Your recruiter’s told you you’re the perfect fit for the role, you’ve got all the qualifications and have arrived bang on time. The interview should be smooth sailing from now on, right? Unfortunately not. Tech candidates for roles at all levels tend to make similar, all too common interview mistakes that can cost them dearly. We’ve identified those most regularly highlighted by employers and recruiters:
Failure to research
There’s absolutely no excuse for being anything but ultra-informed about the company you’re applying to. The strongest candidates are not only aware of what a firm does, but will also have thought through where it’s going, where it sits compared to its competitors and what contribution you could make to its future success. It’s a good idea to come up with a few considered, company-specific questions to ask at the end of the interview, if not at another appropriate moment.
Bad communication skills
If you’re the shy type, try to prepare and rehearse answers to some likely questions. A common blunder is to answer a query about, say, your expertise in SAP with a blunt yes or no. A panel will likely be expecting more and you’ll end up sitting in awkward silence. Instead, try to imagine each question is the start of a conversation rather than simply offering closed replies. Employers want to see whether you’ll work effectively with other and are able to communicate accordingly.
Think about your whole outfit, not just your top half. The days when you’d be judged badly for dressing too formally for a tech interview are long gone. For management and other senior positions, think suit and smart shoes over khakis and crinkled shirt and remember it’s better to err on the side of too smart over too casual.
Seeming arrogant rather than confident
The desire to come across as confident and able can sometimes tip into arrogance and egocentricity – two qualities that are certain to repel potential employers. They’re looking for someone who’ll be a positive team player rather than an employee who is rather too keen on the sound of their own voice. It’s very possible to highlight your achievements believably and without coming off as a show off, an attitude that will earn you far more brownie points.
Negativity about your current employer
This is a very easy trap to fall into. You might think your present CEO is the devil incarnate, but an interview for a new position is not the place to air your grievances. Think of a succinct, tactful way to express why you’re leaving your current role if there have been choppy waters. The key is to come across as excited by the new job rather than worn out by your old one.
Making the transition from technical employee to CTO is notoriously challenging. Many newbies find the process of moving from technologist to business executive extremely stressful. If you’re struggling in, or just moving into, your first CTO role, we’ve sourced some invaluable tips to give you the best chance of success:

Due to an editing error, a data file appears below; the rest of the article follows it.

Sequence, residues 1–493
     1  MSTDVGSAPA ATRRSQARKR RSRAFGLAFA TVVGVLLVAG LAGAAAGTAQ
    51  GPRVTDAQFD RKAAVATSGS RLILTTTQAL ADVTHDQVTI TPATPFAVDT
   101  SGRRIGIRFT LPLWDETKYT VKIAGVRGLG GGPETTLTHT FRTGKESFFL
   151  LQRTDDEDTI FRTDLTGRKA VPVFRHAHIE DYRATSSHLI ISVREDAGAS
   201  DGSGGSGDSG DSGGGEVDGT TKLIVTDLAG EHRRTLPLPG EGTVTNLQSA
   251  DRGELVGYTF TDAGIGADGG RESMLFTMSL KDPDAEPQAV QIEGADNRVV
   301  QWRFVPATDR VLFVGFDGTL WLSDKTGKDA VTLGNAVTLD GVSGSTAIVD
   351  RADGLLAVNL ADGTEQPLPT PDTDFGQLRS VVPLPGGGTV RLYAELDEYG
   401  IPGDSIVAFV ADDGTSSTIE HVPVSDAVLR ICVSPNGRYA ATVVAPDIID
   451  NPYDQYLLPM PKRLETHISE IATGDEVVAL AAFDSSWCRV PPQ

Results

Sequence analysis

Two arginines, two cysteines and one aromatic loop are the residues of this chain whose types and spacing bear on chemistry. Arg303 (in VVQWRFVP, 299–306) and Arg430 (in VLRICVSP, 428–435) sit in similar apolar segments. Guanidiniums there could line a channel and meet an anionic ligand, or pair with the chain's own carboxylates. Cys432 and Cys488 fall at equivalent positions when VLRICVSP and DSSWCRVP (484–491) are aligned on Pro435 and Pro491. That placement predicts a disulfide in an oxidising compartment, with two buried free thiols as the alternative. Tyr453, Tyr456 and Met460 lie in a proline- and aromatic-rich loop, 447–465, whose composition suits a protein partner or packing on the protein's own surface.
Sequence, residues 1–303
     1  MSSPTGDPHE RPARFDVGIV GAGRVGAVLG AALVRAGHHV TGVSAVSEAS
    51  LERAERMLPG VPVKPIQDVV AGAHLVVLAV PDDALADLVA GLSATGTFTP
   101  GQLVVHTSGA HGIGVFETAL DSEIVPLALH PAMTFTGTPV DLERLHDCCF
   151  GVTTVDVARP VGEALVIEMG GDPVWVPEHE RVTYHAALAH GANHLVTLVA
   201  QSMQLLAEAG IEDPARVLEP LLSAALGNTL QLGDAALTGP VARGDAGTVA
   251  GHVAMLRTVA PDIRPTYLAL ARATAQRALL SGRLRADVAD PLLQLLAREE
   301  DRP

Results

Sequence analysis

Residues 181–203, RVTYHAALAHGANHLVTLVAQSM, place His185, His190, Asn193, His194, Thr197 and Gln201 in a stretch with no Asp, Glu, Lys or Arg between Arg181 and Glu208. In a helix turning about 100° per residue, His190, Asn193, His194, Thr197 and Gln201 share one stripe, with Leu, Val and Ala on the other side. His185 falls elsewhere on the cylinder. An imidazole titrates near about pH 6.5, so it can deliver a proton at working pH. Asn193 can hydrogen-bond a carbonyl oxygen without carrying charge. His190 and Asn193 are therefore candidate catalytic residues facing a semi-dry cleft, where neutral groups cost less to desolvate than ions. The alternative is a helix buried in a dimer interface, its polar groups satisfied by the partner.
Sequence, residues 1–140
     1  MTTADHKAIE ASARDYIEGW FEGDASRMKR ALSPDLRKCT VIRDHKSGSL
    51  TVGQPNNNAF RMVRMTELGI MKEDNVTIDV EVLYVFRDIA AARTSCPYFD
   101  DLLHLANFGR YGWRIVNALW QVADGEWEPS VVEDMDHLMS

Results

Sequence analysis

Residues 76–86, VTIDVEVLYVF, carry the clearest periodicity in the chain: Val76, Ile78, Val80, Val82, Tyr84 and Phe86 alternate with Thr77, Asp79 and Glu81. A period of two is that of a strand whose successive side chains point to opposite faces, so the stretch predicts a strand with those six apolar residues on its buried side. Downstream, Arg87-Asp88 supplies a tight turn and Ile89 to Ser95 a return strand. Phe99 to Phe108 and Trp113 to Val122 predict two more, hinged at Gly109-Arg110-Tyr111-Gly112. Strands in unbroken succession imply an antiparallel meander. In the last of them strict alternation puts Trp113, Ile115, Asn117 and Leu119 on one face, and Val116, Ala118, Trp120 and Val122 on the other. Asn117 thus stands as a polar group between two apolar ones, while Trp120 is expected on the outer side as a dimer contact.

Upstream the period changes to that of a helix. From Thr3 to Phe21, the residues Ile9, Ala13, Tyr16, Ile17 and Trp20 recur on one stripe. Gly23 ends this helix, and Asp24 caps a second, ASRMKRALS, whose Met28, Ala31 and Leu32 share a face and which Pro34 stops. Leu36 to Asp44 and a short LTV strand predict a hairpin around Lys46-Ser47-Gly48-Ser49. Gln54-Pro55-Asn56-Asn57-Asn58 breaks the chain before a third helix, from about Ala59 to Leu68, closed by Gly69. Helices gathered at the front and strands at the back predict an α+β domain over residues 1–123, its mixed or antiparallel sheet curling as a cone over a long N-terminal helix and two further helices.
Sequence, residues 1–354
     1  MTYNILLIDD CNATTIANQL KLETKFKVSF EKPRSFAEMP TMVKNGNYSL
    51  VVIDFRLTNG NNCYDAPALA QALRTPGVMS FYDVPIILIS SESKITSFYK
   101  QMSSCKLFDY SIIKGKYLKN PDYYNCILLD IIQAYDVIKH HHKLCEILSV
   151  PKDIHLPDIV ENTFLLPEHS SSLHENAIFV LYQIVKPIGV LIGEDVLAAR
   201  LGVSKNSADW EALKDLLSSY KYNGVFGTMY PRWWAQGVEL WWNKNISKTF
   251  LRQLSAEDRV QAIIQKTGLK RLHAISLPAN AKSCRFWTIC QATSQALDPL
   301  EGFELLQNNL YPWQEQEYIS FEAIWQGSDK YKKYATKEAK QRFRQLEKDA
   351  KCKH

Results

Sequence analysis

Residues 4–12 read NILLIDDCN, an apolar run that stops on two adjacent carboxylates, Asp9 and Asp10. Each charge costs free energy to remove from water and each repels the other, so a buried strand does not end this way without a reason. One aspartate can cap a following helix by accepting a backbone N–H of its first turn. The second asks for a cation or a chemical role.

Pay attention to the ‘C’ as well as the ‘T’
This won’t be the case for everyone of course, but for the high proportion of CTOs who’ve come from purely technical backgrounds, getting to grips with the business side of the role can be more difficult than expected. A core skill that new CTOs need to cultivate is to be able to communicate complex technical ideas in a simple way to a less specialised business audience, verbally and in presentations. They also need to thoroughly understand how the core business operates in order to appreciate which new technology solutions might genuinely be of help.
All too often, the CTO’s role is still shrouded in mystery. Expectations can differ hugely from one company to the next, leading to confusion, frustration and a CTO who feels undervalued or at sea. Don’t be afraid to ask for a chat with the CEO and other senior players to really define what your responsibilities are if you’re unsure. You want to get the balance between strategy, technology design, development and system maintenance right from day one.
Keep on top of industry trends
Once you’re starting to feel established in your role, it’s easy to get bogged down in company politics and existing legacy systems. The most successful CTOs, though, make sure they stay ahead of the game by keeping track of industry trends and monitoring those that could affect their company.
If you’ve progressed from a technical role, you’ll be used to handling every small problem yourself. A CTO has a much larger task that requires a shift in mindset – to make other people solve problems more quickly and to a high standard. It’s very likely you’ll be responsible for a number of teams working on a diverse range of projects, something that can prove quite the challenge if you’re the hands-on type.
Don’t get seduced by buzz
As a new CTO, it’s worth regularly reminding yourself that lots of technologies start out seeming cutting edge and attracting heavy press attention, only to quickly fall out of favour. Beware of getting stuck with fly by night technologies on a legacy system in an effort to innovate. Instead, select only those that have proven their worth, at least until your judgement is honed by more experience.
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